One healthy male volunteer that masters the concentration/meditation technique.

Inclusion Criteria:

  • 45 - 55 years of age
  • male
  • Healthy

Exclusion Criteria:

  • Use of any medication.
  • Smoking.
  • Bleeding disorder.
  • Previous spontaneous vagal collapse.
  • History, signs or symptoms of cardiovascular disease.
  • Cardiac conduction abnormalities on the ECG consisting of a 2nd degree atrioventricular block or a complex bundle branch block.
  • Hypertension (defined as RR systolic > 160 or RR diastolic > 90).
  • Hypotension (defined as RR systolic < 100 or RR diastolic < 50).
  • Renal impairment (defined as plasma creatinin >120 μmol/l).
  • Liver enzyme abnormalities or positive hepatitis serology.
  • Positive HIV serology or any other obvious disease associated with immune deficiency.
  • Febrile illness in the week before the LPS challenge.
  • Participation in another drug trial or donation of blood 3 months prior to the planned LPS challenge.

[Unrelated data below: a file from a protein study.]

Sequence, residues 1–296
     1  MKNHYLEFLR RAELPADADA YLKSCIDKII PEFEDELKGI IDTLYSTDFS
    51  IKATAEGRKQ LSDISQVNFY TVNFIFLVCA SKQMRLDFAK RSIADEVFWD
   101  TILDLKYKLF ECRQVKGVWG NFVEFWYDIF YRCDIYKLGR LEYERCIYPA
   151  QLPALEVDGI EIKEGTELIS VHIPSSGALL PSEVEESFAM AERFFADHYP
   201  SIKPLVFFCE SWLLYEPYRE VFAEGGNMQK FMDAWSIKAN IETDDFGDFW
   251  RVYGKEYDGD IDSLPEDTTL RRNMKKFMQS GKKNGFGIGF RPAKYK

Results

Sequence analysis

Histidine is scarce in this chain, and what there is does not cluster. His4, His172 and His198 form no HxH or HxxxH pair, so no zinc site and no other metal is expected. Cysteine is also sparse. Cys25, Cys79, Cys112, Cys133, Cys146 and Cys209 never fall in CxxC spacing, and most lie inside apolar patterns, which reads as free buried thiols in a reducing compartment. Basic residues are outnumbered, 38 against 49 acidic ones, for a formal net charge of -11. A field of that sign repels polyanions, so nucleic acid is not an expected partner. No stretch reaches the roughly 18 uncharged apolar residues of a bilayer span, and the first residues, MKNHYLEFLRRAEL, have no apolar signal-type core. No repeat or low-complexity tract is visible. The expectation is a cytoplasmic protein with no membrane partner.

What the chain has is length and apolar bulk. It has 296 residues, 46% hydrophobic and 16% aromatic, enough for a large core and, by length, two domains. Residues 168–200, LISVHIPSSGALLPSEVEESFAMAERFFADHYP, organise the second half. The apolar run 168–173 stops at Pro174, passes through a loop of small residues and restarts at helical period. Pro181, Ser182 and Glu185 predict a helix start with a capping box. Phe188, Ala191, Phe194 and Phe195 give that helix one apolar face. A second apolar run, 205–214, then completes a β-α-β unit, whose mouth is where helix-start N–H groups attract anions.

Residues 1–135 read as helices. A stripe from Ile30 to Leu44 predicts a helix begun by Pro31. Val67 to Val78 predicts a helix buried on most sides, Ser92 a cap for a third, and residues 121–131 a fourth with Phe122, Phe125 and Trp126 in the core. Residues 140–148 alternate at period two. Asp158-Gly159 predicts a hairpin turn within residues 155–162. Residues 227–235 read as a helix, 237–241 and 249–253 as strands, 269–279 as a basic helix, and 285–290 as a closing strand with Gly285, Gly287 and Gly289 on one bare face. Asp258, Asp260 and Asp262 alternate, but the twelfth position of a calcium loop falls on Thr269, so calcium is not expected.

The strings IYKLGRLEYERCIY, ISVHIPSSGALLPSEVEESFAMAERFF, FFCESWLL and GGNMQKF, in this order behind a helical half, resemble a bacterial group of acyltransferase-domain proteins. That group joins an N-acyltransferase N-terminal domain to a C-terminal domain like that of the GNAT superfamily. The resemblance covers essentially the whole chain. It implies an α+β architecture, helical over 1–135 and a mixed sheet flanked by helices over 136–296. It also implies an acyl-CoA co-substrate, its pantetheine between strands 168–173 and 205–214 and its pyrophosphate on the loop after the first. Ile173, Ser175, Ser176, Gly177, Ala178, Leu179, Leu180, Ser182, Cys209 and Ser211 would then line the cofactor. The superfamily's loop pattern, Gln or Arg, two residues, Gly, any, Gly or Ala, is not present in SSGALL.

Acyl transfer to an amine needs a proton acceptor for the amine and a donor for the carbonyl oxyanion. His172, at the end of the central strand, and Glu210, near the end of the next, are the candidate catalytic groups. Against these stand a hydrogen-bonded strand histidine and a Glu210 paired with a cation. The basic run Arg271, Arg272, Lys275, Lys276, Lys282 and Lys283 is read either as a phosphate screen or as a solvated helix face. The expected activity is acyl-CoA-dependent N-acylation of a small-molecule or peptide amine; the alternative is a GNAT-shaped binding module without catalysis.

Information from the National Library of Medicine

To learn more about this study, you or your doctor may contact the study research staff using the contact information provided by the sponsor.

Please refer to this study by its identifier (NCT number): NCT01352871

Radboud University Nijmegen Medical Centre
Nijmegen, Gelderland, Netherlands, 6511HB
Sponsors and Collaborators
Radboud University
Principal Investigator: Peter Pickkers, MD, PhD Radboud University

Responsible Party: Professor P. Pickkers, Principle Investigator, Radboud University Nijmegen Medical Centre Identifier: NCT01352871     History of Changes
Other Study ID Numbers: LPS-concentration
First Posted: May 12, 2011    Key Record Dates
Last Update Posted: June 7, 2011
Last Verified: February 2011

Keywords provided by Radboud University:
Immunity, Innate